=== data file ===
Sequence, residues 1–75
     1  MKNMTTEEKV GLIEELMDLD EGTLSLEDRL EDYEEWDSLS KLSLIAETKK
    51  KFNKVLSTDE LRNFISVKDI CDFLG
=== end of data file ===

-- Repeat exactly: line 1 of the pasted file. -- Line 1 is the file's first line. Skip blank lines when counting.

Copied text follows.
Sequence, residues 1–75